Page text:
RV Solar Power RoundUP – Solar Sporting Goods

RV Solar Power RoundUP

Solar Power Calculator for RVs and Boondockers

Use this handy calculator to estimate PV Wattage needs for your off grid RV activities and don't worry about electrical hook-ups.

The Amps listed below are estimates for typical electronic gear and appliances. You may alter the amp number to suit your actual appliances and equipment. Then, enter the number of hours, or fraction thereof as a decimal, that you estimate using those items during a typical day out on the water. Scroll down to "calculate" your estimated solar panel watt requirements.

The default below is set to 5 hours of direct peak sunlight per day, and you may also edit this data field as needed. You may get more or less direct sunlight, depending on your geographic location. 

RV Panel Size Calculator

Appliance Amps (at 12VDC) Daily Use (hrs/day)
12 Volt Appliances
12 Volt Stereo
Water Pump
Automatic Fan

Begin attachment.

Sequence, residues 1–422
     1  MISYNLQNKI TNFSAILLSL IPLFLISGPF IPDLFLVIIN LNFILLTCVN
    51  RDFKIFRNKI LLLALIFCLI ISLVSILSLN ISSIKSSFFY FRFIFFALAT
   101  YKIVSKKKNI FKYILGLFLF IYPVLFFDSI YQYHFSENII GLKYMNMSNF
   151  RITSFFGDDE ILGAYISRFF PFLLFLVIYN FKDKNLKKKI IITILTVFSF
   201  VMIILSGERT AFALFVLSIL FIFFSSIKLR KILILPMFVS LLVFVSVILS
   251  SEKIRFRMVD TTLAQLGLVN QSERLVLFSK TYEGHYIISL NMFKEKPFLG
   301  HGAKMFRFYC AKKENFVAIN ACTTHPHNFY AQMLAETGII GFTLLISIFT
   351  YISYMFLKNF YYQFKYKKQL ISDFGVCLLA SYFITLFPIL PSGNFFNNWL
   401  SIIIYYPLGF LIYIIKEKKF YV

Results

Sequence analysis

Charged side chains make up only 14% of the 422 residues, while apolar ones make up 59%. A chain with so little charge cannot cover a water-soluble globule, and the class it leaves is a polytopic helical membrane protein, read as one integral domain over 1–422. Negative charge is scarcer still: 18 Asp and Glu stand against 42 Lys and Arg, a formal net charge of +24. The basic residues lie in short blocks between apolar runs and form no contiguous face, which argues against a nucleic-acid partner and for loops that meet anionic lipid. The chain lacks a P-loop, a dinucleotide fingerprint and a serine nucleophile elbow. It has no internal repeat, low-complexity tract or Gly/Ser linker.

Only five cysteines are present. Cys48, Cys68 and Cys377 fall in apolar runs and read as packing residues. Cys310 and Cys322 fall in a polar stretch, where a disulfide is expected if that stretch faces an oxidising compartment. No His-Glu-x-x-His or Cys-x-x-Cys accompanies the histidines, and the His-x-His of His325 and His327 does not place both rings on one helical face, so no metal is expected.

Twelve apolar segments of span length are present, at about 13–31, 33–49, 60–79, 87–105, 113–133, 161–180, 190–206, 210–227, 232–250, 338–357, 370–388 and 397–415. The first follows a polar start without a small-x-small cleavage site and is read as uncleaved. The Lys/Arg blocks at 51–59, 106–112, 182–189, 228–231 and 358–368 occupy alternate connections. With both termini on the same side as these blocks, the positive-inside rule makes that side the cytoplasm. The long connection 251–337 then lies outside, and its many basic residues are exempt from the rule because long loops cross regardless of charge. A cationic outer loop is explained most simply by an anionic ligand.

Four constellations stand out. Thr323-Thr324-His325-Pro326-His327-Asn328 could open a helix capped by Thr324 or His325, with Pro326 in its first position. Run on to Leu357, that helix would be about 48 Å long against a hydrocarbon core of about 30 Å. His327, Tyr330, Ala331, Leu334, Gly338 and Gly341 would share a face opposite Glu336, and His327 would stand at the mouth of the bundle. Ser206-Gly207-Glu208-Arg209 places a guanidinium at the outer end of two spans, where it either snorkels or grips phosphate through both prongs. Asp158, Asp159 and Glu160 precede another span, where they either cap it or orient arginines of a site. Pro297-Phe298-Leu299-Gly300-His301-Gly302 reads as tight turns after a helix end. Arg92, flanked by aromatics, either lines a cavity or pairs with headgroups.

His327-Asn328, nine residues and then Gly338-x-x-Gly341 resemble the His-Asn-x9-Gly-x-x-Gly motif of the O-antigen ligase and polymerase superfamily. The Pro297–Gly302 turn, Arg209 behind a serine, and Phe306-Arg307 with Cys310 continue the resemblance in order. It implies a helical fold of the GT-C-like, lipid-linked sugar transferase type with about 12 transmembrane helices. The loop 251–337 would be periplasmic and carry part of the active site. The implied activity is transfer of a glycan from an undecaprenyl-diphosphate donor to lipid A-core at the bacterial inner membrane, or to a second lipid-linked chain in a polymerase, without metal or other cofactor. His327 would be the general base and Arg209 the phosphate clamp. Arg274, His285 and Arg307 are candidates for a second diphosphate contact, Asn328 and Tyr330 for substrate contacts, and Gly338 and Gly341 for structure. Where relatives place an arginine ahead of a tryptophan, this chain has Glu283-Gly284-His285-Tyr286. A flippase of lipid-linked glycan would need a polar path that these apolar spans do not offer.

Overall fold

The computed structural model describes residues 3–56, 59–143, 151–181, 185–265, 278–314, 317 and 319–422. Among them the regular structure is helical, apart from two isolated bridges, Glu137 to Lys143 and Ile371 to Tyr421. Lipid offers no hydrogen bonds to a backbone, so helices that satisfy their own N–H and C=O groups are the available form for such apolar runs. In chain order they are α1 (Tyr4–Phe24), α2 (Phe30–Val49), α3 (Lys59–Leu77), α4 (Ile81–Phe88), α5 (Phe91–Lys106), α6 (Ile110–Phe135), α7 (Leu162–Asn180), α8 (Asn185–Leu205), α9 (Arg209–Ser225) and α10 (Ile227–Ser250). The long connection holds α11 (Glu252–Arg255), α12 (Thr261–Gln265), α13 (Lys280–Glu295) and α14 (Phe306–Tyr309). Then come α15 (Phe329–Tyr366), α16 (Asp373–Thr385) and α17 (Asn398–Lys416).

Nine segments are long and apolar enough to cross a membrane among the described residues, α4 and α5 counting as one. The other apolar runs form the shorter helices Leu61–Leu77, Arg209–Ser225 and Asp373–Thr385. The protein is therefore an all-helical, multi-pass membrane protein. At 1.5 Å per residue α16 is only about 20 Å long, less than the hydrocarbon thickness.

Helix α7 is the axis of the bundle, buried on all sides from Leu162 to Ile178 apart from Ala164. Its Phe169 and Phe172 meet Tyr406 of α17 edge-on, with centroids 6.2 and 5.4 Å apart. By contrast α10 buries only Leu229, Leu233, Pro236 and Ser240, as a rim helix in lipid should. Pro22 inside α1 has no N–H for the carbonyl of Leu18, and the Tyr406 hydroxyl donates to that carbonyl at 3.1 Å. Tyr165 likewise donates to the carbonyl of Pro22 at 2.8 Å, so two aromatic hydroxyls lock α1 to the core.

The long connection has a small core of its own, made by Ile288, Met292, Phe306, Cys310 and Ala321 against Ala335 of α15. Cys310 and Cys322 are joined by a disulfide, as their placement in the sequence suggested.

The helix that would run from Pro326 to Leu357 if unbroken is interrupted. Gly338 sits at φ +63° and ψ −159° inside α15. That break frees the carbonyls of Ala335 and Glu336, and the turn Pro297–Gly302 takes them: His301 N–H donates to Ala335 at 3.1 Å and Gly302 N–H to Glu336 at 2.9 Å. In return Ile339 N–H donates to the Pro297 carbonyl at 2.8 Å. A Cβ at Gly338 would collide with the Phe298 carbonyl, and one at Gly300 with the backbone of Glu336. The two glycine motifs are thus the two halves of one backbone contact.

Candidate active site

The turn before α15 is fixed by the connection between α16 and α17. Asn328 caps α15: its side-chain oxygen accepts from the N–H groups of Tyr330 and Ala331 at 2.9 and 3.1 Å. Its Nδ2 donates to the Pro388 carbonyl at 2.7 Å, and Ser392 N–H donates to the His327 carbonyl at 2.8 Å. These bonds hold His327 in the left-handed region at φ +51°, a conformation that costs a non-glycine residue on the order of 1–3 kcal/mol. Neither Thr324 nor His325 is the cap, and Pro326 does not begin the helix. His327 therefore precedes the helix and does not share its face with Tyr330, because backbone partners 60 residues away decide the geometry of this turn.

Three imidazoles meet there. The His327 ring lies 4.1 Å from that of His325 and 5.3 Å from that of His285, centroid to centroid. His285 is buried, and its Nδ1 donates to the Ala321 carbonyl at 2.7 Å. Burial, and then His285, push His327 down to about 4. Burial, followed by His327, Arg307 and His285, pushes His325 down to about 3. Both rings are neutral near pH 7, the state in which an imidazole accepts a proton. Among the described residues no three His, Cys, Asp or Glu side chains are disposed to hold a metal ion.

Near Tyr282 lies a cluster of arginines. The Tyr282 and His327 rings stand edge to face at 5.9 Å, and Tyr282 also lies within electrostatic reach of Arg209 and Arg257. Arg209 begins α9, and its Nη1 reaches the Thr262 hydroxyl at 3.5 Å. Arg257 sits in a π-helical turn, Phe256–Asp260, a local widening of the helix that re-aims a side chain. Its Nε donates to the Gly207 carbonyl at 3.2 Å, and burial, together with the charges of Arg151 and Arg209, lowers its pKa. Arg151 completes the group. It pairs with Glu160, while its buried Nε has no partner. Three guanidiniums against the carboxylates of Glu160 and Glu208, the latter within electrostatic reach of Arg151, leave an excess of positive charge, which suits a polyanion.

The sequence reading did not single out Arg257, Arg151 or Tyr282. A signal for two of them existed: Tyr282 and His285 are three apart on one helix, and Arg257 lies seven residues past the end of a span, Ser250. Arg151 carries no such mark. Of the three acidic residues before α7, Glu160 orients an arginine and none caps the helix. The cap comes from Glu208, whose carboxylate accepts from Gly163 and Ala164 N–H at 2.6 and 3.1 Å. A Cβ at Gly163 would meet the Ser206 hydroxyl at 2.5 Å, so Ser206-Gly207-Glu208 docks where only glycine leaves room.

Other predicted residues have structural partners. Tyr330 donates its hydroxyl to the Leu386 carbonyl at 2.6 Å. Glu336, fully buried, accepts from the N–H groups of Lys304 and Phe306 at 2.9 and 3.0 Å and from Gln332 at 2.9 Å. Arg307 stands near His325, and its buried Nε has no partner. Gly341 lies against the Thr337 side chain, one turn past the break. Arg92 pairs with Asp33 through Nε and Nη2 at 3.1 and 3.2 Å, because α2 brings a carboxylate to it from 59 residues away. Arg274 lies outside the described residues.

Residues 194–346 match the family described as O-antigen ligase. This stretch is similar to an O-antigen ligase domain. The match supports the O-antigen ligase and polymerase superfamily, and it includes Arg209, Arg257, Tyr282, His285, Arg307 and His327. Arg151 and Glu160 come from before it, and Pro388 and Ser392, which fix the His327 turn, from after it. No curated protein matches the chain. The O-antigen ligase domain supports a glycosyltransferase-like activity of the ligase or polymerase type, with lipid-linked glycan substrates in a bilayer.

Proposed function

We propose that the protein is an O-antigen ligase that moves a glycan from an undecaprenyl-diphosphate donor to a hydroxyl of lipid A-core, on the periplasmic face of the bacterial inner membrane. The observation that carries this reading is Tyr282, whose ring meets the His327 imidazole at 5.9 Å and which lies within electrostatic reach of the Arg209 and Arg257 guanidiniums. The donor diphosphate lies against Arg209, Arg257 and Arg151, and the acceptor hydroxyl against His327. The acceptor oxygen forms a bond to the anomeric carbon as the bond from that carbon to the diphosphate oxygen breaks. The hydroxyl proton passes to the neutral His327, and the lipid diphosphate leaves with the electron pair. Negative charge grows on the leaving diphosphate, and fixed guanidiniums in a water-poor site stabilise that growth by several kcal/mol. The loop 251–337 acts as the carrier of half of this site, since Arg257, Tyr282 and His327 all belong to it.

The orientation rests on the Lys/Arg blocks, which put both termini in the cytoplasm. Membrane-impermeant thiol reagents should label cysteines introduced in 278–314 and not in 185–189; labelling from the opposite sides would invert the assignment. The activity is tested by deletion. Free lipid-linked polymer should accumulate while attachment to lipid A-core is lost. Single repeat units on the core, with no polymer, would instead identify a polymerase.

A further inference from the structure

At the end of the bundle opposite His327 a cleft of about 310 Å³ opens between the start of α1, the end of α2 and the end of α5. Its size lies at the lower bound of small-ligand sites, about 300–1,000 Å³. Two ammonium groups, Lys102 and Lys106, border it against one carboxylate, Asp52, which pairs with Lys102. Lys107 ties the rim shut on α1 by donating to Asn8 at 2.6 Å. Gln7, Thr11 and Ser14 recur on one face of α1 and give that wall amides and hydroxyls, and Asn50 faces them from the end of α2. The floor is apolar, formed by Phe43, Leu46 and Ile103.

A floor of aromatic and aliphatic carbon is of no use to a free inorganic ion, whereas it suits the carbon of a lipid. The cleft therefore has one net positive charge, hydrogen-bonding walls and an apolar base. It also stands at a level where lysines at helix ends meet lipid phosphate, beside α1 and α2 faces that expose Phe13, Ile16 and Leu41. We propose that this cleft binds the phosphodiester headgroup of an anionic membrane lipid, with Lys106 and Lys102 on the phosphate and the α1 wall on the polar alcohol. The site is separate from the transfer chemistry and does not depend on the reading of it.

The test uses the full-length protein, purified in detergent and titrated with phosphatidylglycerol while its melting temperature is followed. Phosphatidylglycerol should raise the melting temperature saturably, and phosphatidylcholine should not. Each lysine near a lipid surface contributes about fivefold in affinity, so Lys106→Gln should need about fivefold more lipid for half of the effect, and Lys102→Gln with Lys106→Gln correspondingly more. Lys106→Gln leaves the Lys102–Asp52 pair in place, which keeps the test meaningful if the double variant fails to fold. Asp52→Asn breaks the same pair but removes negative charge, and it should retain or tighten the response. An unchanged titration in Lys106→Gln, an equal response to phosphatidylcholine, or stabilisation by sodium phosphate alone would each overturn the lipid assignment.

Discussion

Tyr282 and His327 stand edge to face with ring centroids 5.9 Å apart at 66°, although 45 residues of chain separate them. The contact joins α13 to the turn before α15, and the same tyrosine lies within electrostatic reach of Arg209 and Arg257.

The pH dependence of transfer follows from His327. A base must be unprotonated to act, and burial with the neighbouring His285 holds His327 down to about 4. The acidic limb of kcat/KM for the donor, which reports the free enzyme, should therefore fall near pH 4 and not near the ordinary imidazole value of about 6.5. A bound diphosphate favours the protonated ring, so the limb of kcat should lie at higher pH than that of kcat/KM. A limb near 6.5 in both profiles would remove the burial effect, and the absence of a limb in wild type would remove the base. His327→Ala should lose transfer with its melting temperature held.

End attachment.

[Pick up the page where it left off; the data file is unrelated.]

10 Watt Light
15 Watt Light
Furnace
Propane Alarm
120 Volt Appliance Using DC-to-AC Inverter
Small TV 9"
DVD Player
Anchor Light
Microwave
Satellite
Coffee Maker
Laptop
Vent & range hood fan
Vacuum
Blender
Blow Dryer
Curling Iron
Medium Fridge
Toaster
Total AmpHours per Day: 0

 

AmpHours used per day

0

Hours of Direct Sunlight per day
Minimum Watts Required

0

Recommended Panel Size (add 20%)

0

 

To identify the number of peak sun hours you can expect, determine the solar irradiance figure (kWh/m2/day) for your geographic location by using the interactive photovoltaic map provided by National Renewable Energy Laboratory (NREL), US Department of Energy. This will give you specific peak hours for a given month in your geographic location. Or, if annual average peak sun hours is sufficient for your estimates, review the NREL national photovaltaic map.

Now, cross-check your panel size estimate from the calculator vis-a-vie your marine on-board battery equipment. Calculate how many total watts of energy per day that you can get from your panels. Multiple your solar irradiance figure (kWh/m2/day) by 75% to account for inefficiencies during the charge process, and then multiply that figure by the total wattage of your solar panel.

Let’s look at one example with 180W of solar power in Miami, FL.

5.3kWh/m2/day x .75 x 180W = 715.5W 

In this case, from your 180W panels, you can expect to realize approximately 715.5 watts per day of solar power to charge your on-board batteries, and/or run other equipment directly from solar during the day.

As an aside, LearningDirect provides a clear and simple YouTube video on the issue of calculating peak sun hours.